Kehinde Wiley is a New York-based portrait painter known for his highly naturalistic paintings of contemporary urban African, African-American, Afro-Brazilian, Indian and Ethiopian-Jewish (Beta Israel) men in heroic poses.
He was born in Los Angeles, California in 1977. His father is from Nigeria and his mother is African-American. As a child, his mother encouraged his interest in art by enrolling him in after-school art classes, and at the age of 12, he spent a short time at an art school in Russia. Because Wiley did not grow up with his father, at the age of 20 he travelled to Nigeria to explore his roots and meet him.
Wiley's early portraits were based on photographs taken of young men on the streets of Harlem, as well as the South-Central Los Angeles neighbourhood in which he was born. Dressed in street clothes, his models assumed poses from the paintings of Renaissance masters, such as Titian and Giovanni Battista Tiepolo . As his practice grew, his eye led him toward an international view, and he began to source models from cities such as Dakar, Senegal and Rio de Janeiro, Brazil, resulting a vast body of work called The World Stage.
Wiley models his works on the styles of a long line of portraitists, including Reynolds and Gainsborough. The Columbus Museum of Art, which hosted an exhibition of his work in 2007, describes his work as the one that has “gained recent acclaim for his heroic portraits which address the image and status of young African-American men in contemporary culture”.
Wiley’s paintings often blur the boundaries between traditional and contemporary modes of representation. They fuse a variety of styles, ranging from French Rococo , Islamic architecture and West African textile design to urban hip hop. Wiley's slightly larger-than-life-size figures are depicted in a heroic manner, and their poses suggest power and spiritual awakening. He describes his approach as "interrogating the notion of the master painter, at once critical and complicit."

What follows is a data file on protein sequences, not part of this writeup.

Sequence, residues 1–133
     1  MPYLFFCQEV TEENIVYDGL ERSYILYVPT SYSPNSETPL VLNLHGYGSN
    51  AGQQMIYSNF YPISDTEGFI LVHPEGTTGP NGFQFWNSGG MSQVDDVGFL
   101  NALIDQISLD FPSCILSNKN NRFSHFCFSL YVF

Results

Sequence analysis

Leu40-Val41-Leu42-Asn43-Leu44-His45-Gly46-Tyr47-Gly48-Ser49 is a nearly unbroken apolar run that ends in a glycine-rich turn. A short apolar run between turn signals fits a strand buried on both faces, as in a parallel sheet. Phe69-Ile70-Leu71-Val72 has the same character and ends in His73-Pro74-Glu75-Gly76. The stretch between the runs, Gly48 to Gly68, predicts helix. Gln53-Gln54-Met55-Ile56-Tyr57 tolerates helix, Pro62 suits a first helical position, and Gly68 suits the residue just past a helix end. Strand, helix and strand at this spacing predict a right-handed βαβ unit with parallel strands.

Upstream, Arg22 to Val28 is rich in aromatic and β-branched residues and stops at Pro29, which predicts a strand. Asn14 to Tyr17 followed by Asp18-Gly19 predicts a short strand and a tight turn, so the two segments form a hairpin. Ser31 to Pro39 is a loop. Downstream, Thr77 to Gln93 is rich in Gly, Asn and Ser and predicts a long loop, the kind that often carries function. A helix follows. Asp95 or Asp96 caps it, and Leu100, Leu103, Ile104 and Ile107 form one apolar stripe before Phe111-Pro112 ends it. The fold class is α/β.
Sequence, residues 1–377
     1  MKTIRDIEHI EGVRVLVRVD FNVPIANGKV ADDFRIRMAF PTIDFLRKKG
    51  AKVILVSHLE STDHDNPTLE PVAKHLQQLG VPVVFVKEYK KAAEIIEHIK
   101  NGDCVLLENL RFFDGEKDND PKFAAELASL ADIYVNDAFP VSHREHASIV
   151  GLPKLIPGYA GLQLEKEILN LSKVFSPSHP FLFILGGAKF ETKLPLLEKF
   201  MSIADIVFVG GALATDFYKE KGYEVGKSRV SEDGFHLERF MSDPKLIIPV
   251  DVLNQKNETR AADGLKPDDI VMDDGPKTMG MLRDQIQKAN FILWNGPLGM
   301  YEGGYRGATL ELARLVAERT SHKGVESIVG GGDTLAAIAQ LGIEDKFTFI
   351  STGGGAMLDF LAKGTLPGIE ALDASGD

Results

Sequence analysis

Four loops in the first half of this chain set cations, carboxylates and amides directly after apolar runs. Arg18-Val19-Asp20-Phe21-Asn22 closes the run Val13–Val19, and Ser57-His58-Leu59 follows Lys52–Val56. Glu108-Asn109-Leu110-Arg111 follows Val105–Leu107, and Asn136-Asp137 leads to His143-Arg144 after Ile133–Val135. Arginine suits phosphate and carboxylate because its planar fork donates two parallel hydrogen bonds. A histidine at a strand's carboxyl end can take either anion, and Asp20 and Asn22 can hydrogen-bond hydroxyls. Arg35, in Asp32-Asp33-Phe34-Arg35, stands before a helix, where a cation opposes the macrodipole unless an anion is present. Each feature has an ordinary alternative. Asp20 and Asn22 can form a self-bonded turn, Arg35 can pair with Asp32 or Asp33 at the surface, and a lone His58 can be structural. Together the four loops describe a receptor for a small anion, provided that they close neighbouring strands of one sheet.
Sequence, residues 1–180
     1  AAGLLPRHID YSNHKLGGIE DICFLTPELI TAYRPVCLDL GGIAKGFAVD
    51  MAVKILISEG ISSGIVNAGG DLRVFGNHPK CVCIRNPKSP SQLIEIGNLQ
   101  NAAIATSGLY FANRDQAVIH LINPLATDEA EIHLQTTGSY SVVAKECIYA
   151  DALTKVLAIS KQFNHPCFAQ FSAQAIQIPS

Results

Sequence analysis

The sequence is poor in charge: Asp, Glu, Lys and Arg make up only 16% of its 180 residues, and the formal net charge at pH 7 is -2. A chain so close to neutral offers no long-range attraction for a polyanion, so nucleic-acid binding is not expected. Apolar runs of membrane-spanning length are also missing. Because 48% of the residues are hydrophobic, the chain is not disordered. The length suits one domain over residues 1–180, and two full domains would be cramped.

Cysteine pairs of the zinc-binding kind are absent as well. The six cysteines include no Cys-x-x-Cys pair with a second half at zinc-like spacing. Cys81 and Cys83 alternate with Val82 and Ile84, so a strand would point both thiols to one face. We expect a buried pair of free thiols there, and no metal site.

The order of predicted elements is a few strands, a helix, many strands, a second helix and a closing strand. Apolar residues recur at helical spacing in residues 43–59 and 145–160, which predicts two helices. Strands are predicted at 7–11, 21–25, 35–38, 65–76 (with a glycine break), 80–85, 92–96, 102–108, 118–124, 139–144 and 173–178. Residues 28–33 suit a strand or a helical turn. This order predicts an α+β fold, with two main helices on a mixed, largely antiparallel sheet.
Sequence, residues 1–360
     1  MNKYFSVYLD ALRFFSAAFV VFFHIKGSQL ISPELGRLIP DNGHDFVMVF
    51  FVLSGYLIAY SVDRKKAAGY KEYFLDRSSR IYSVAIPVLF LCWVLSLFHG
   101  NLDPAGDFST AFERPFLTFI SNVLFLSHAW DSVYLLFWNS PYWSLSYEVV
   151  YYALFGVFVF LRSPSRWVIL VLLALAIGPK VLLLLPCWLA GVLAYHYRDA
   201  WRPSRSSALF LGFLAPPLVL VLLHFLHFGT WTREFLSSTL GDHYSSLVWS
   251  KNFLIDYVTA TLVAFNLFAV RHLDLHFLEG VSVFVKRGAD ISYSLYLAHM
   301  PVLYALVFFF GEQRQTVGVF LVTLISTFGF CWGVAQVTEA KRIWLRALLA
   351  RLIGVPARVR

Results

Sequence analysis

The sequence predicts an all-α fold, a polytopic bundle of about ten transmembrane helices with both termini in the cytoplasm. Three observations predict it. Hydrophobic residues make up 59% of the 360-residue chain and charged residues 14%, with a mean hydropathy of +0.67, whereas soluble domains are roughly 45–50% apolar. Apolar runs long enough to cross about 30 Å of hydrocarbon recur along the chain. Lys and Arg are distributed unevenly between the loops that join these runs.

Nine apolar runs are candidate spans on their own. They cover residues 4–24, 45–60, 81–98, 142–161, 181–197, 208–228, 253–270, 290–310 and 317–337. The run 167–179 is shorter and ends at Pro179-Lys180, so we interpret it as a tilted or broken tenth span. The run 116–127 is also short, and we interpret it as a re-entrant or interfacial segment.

One of his works, Napoleon Leading the Army over the Alps (2005), is based on Napoleon Crossing the Alps (1800) by Jacques-Louis David. In Wiley’s version, an African rider wearing modern army fatigues and a bandanna takes the place of Napoleon.
Wiley’s work has been the subject of exhibitions worldwide since 2009, and is part the permanent collections of numerous museums, including the Metropolitan Museum of Art, New York; the Denver Art Museum; the Los Angeles County Museum of Art; the Walker Art Centre, Minneapolis; the High Museum of Art, Atlanta; the Columbus Museum of Art; the Phoenix Art Museum; the Milwaukee Art Museum; and the Brooklyn Museum, New York.
Wiley has become one of the most sought-after painters in America. In 2002, Wiley received a Rema Hort Mann Foundation Grant and became Artist in Residence at the Studio Museum in Harlem, New York. His work was exhibited in the UK’s National Portrait Gallery as part of the Recognize exhibit in 2008 and won the Americans for the Arts Young Artist Award for Artistic Excellence in the same year. He received the Artist of the Year Award from the New York City Art Teachers Association/United Federation of Teachers in 2011, as well as Canteen Magazine's Artist of the Year Award in the same year. In 2012, he was honoured with the Pratt Legend Award.
Two of Wiley’s paintings were featured on the top of five hundred New York City taxi cabs in early 2011 as a collaboration with the Art Production Fund. He was featured in a commercial on the TV network USA as a 2010 Character Honoree. Puma commissioned him to paint four portraits of prominent African football players, and patterns from his paintings were incorporated into Puma athletic gear. The complete series, “Legends of Unity: World Cup 2010,” was exhibited in 2010 in cities around the world. Holland Cotter of The New York Times called Wiley "a history painter, one of the best we have... He creates history as much as he tells it." He currently resides in New York and Beijing.
Picture source: Wikipedia